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ScrollView Bounce Behavior configuration in SwiftUI

A ScrollView bounce behavior configuration allows you to define whether a scrollable view bounces when reaching the end of its content. Whether it’s a horizontal or vertical scrolling list, you can configure both directions using view modifiers in SwiftUI.

There are common scenarios for us to build when it comes down to lists. You might want to disable bouncing completely or only enable it when the size of the inner content becomes larger than its parent list bounds. Let’s dive in!

How to enable ScrollView Bounce

SwiftUI enables ScrollView bounce by default when you generate a plain scrolling view:

ScrollView {
    Text("Small Content")
}

However, you can explicitly enable bouncing using the scrollBounceBehavior(_:axes:) modifier:

ScrollView {
    Text("Small Content")
}.scrollBounceBehavior(.always)

The above code example creates a ScrollView that will bounce in any direction, no matter the size of its content. Note that the same modifier applies to a List, Table, or TextEditor SwiftUI view.

How to disable vertical ScrollView bounce

You might want to disable horizontal or vertical ScrollView bounce in all cases. Unfortunately, there’s currently no better way than to use the appearance API for disabling:

/// Not recommended as it disables bounces for all your app's ScrollViews.
UIScrollView.appearance().bounces = false

However, this will turn it off for all your ScrollViews, which is not recommended. It’s important to understand that bouncing has a purpose: it naturally tells your users they’ve reached the end of the view. It’s best practice only to disable it if the content is small enough not even to be scrollable. In other words, the ScrollView feels like a non-scrollable view to the user so that the user won’t expect a bouncing behavior.

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Disabling ScrollView bounce based on the content size

I recommend configuring your ScrollView bouncing behavior based on the size of its contents. Doing so brings the best of both worlds and ensures a user experience without confusion.

In the following code example, I’ve created a view with a orange bounding box to illustrate the size of our content:

struct ContentView: View {
    var body: some View {
        ScrollView {
            Group {
                Text("Small")
                Text("Content")
            }.background(Color.orange)
        }
        .scrollBounceBehavior(.always)
        .frame(maxHeight: .infinity)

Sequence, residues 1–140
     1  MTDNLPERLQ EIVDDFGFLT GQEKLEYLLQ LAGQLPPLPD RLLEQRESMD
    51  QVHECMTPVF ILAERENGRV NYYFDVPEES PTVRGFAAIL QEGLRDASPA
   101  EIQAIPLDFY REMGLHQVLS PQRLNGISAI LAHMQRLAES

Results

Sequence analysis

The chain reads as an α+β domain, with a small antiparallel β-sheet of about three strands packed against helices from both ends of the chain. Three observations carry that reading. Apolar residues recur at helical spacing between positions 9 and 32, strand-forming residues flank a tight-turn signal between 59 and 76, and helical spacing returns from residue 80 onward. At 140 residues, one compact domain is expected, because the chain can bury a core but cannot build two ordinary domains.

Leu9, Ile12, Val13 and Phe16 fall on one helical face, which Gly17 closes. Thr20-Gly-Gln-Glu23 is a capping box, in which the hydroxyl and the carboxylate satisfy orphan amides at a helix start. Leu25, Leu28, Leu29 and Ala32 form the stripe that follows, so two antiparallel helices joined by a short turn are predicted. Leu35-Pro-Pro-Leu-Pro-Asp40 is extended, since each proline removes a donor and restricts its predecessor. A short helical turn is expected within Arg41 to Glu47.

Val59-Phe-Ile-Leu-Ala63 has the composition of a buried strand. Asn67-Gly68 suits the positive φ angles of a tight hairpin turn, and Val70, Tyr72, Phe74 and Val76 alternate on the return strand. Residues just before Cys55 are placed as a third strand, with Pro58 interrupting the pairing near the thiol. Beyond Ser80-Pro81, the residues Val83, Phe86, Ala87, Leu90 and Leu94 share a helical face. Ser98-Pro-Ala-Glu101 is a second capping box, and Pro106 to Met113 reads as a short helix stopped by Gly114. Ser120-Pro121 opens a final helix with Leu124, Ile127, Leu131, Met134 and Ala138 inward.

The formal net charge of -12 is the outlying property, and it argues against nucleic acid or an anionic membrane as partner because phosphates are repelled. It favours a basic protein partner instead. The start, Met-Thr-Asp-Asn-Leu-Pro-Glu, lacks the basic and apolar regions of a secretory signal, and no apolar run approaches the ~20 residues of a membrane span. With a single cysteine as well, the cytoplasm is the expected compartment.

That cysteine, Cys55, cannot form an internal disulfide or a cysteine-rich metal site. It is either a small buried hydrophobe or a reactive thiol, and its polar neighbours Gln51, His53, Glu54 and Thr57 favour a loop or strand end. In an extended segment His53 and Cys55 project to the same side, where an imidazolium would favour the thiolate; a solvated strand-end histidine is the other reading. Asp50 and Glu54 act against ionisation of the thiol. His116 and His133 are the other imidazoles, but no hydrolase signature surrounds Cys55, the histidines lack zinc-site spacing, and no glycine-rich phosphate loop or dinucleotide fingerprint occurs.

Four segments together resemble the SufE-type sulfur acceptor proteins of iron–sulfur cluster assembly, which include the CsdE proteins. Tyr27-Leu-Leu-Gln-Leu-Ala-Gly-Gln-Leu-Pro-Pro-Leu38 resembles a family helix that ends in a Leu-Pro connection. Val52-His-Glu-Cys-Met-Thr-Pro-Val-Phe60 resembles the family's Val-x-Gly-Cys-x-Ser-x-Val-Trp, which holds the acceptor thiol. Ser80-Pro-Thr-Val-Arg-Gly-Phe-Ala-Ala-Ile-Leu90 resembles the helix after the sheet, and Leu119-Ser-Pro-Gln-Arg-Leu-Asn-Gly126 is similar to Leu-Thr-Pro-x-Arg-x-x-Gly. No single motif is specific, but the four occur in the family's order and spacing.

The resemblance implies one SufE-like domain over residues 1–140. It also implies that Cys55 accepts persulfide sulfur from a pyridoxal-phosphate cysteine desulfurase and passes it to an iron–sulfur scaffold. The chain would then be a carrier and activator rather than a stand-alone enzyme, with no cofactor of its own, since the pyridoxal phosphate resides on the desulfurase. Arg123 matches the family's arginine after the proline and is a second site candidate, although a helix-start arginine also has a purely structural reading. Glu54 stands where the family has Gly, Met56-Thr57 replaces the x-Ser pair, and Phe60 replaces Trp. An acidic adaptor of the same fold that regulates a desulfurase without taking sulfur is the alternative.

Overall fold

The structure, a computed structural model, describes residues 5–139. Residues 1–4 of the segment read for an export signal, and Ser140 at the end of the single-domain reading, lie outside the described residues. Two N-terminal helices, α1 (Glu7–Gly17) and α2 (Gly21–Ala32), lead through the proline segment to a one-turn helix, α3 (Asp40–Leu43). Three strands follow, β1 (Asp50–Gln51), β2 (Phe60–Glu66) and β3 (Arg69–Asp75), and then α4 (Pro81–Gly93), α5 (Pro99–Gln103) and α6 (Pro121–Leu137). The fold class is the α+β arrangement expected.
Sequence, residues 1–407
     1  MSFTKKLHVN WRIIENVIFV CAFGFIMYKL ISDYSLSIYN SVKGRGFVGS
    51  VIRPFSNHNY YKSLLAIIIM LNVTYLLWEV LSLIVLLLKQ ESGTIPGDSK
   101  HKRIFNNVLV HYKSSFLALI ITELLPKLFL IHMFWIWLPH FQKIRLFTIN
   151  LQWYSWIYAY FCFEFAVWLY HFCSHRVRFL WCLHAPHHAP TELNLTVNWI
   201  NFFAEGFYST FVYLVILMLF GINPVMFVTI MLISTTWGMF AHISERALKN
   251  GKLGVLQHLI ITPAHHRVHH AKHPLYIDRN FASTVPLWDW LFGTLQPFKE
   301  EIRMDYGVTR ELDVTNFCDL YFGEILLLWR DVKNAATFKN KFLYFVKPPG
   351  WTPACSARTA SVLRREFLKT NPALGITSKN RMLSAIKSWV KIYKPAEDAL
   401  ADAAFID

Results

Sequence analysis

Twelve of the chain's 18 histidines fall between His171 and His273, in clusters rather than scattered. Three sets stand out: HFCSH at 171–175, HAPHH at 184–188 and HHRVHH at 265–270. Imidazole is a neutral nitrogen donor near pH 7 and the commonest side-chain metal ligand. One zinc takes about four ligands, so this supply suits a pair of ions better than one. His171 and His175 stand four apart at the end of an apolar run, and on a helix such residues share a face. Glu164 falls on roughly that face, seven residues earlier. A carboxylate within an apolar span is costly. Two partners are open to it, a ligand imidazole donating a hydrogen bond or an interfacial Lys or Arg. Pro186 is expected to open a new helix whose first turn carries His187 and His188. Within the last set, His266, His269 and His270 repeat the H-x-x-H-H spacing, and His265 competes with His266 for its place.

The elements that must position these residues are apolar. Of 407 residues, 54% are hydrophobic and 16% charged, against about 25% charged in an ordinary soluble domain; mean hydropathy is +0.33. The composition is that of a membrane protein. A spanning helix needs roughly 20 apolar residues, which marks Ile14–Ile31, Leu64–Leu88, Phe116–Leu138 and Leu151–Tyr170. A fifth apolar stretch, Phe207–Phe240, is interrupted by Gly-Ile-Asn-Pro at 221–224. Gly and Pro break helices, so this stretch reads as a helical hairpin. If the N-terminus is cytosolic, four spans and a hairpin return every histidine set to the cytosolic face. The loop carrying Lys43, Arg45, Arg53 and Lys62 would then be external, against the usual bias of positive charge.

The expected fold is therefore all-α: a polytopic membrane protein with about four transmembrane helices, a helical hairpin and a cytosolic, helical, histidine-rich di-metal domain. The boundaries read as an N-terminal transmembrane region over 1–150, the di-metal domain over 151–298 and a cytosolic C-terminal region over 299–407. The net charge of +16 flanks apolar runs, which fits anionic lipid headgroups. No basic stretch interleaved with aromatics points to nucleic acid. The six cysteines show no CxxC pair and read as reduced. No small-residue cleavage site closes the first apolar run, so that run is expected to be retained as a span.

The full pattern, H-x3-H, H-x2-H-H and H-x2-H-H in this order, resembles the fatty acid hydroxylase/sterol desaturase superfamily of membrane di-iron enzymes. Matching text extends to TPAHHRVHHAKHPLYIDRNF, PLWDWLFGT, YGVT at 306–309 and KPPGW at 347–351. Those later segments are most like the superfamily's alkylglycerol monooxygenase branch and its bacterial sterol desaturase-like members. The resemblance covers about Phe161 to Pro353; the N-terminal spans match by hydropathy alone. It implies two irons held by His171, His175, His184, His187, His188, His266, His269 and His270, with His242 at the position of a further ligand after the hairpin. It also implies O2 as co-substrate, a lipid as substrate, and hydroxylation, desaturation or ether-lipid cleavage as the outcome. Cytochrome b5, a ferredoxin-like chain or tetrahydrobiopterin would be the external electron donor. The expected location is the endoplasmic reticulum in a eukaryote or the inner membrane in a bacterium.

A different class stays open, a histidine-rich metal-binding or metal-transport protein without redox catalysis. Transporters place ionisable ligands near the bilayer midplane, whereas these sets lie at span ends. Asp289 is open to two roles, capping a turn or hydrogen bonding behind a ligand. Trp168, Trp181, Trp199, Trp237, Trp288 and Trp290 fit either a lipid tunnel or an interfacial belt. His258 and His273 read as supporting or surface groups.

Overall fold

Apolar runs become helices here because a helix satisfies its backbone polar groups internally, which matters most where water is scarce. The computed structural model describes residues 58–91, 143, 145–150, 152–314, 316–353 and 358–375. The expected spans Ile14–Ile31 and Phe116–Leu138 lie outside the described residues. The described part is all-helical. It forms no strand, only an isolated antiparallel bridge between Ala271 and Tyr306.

}
}

When running this view in the Simulator, you’ll notice that it doesn’t make sense for this view to be scrollable:

A ScrollView Bounce Behavior set to always doesn’t make sense for every view.

In this case, the size of the ScrollView’s content is small enough not to require scrolling. Therefore, we can configure the scroll bounce behavior to be based on the size:

ScrollView {
    Group {
        Text("Small")
        Text("Content")
    }.background(Color.orange)
}
 // Only enable scrolling when the content is large enough.
.scrollBounceBehavior(.basedOnSize)
.frame(maxHeight: .infinity)

You’ve now disabled the ScrollView bounce based on the content size, which will enable it when the user is required to scroll to see the whole inner content.

Understanding bounce behavior’s environment configuration

The scroll bounce behavior modifier uses the Environment for its configuration. This means that an outer view can configure the bounce behavior of an inner view:

VStack {
    ScrollView {
        Group {
            Text("Small")
            Text("Content")
        }.background(Color.orange)
    }
}
/// Even though we configure the bounce behavior on the outer VStack,
/// the inner ScrollView will still respond to this setting and only enable
/// scrolling when the size of its content requires so.
.scrollBounceBehavior(.basedOnSize)
.frame(maxHeight: .infinity)

Even though we’ve configured the scroll behavior using the outer VStack component, we still affect the inner ScrollView behavior.

Configuring ScrollView bounce for a specific axis

Finally, you can configure the ScrollView bounce behavior for a specific axis. In case you only want to affect horizontal scrolling views, you can use the following code:

.scrollBounceBehavior(.basedOnSize, axes: .horizontal)

The axes argument allows you to pass either vertical or horizontal.

Conclusion

ScrollView bounce behavior in SwiftUI can be configured to have the best outcome for the user’s expectation. Ideally, you would enable bouncing based on the size of the inner contents, as bouncing helps the user understand they reached the end of your view.

If you want to improve your SwiftUI knowledge, even more, check out the SwiftUI category page. Feel free to contact me or tweet me on Twitter if you have any additional tips or feedback.

Thanks!